Communications on climate change and biodiversity loss with local populations: Exploring best-practices and postcolonial moments in eight case studies from across the globe
Title: Communications on climate change and biodiversity loss with local populations: Exploring best-practices and postcolonial moments in eight case studies from across the globe
Authors: Dawud Ansari, Regine Schönenberg, Melissa Abud, Laura Becerra, Wassim Brahim, Anne Cristina de la Vega-Leinert, Nigel Dudley, Michael Dunlop, Carolina Figueroa, Oscar Guevara, Philipp Hauser, Hannes Hobbie, Mostafa A.R. Hossain, Jean Hugé, Luc Janssens de Bisthoven, Hilde Keunen, Claudia Munera-Roldan, Jan Petzold, Anne-Julie Rochette, Matthew Schmidt, Charlotte Schumann, Sayanti Sengupta, Susanne Stoll-Kleemann, Lorrae van Kerkhoff, Maarten P.M. Vanhove, Carina Wyborn
Initial publication: EADP Discussion Paper 2021 - 01
Discussion paper initial date: May 7, 2021 Discussion paper updated on: Dec 25, 2021 Link to the discussion paper
Climate change and biodiversity loss trigger policies worldwide, many of which target or impact local communities. Although research, international development, and policy implementation (and, thus, success in fighting both threats) require thoughtful consideration and communication of the underlying concepts, field work encounters a cascade of tangible barriers. Technoscientific representations of quantifiable causes and effects often remain alien to local perspectives, and failure to involve communities constantly and genuinely creates gaps that may ultimately prevent research and policy success. Therefore, in this article, we present the results of a collective self-assessment exercise for a panel of eight case studies (covering four continents) of communications between project teams and local communities within the context of climate change or biodiversity loss. Our analysis develops eight indicators of good stakeholder communication, which we construct from the literature, in addition to Verran (2002) 's concept of postcolonial moments as a communicative utopia. Our study contributes to the (analytical) understanding of such communications, while also providing tangible insights for field work and policy recommendations. We demonstrate that applying our indicators can foster a more successful communication, although we find an apparent divergence between timing, complexity, and (introspective) effort of the project teams. While three case studies qualify for postcolonial moments, our findings show that especially the scrutiny of power relations and genuine knowledge co-production are still rare. We verify the potency of various instruments for deconstructing science; however, we also show that their sophistication cannot substitute other crucial factors. Instead, simple deconstruction efforts may suffice, while trust-building, proper time management, and an advanced awareness of the scientists are crucial. Lastly, we consider that reforming rigid and inadequate funding policies will help overcome significant barriers and improve the work in and with local communities.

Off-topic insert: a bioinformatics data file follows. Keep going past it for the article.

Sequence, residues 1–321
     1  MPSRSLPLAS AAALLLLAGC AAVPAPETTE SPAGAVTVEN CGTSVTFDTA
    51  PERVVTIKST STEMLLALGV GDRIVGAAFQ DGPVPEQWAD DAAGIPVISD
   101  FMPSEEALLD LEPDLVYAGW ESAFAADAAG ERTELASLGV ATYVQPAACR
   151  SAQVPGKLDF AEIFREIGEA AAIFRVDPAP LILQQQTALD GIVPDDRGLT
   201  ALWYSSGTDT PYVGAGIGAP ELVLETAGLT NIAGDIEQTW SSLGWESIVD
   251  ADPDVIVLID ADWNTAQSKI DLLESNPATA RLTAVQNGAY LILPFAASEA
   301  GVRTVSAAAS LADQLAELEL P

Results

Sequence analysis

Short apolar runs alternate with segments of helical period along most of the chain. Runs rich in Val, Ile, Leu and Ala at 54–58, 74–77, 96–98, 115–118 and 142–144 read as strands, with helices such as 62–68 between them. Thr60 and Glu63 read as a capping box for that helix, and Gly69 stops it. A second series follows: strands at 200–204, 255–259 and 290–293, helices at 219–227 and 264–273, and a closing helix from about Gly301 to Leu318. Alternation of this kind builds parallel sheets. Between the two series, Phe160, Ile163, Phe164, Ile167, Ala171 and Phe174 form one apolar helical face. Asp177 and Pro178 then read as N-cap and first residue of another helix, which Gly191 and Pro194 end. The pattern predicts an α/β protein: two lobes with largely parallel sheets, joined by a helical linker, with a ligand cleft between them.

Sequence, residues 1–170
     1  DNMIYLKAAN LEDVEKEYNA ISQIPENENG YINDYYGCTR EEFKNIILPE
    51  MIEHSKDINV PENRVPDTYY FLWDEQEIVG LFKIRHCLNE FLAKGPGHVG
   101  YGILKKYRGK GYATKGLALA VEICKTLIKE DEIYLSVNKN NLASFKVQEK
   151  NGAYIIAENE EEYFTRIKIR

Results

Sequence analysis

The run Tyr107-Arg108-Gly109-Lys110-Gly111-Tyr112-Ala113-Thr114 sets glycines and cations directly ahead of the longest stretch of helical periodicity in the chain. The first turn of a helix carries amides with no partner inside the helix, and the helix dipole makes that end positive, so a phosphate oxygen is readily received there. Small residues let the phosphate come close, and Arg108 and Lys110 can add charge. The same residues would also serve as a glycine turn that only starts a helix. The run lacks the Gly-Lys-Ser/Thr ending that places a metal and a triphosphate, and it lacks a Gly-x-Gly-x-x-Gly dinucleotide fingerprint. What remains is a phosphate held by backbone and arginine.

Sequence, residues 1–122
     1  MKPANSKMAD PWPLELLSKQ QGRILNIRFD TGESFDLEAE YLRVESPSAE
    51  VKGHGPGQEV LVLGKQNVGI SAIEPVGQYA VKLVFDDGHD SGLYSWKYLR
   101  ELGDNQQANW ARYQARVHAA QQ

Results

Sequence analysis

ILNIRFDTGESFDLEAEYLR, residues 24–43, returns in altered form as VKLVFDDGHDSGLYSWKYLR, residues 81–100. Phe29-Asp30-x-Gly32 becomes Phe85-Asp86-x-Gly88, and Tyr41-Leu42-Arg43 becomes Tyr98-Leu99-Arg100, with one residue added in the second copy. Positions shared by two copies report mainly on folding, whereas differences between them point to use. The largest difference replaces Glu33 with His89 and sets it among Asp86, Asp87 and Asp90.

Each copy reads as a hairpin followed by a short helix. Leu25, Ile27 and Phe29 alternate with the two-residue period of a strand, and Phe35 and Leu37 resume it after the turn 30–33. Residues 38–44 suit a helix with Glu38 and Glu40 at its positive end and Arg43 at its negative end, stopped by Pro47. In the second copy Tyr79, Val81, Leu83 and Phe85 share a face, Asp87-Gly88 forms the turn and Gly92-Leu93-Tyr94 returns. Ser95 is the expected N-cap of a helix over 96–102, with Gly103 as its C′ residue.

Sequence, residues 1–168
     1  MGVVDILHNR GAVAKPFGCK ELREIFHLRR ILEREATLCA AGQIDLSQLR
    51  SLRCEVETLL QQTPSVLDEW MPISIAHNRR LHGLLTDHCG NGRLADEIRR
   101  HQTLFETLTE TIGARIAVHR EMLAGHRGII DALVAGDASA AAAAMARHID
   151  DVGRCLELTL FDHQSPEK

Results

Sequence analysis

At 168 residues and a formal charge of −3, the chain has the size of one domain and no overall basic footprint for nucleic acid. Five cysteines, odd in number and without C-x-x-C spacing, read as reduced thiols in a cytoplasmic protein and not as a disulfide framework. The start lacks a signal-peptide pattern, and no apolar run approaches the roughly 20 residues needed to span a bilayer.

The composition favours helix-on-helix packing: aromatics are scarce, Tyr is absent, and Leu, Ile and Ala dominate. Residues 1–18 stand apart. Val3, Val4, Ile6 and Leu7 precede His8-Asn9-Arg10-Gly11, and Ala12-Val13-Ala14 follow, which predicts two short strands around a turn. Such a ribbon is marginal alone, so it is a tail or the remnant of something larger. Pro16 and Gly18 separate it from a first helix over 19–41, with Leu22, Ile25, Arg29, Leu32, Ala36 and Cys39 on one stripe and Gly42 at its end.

Energy outlooks compared: Global and regional insights
Title: Energy outlooks compared: Global and regional insightss
Authors: Dawud Ansari, Franziska Holz, Hashem al-Kuhlani
Initial publication: EADP Discussion Paper 2019 - 02
Discussion paper date: Dec 7, 2019 Final publication: Economics of Energy & Environmental Policy, Volume 9, Number 1
Journal publication date: Jan 2020 Link to the discussion paper External link to the final journal publication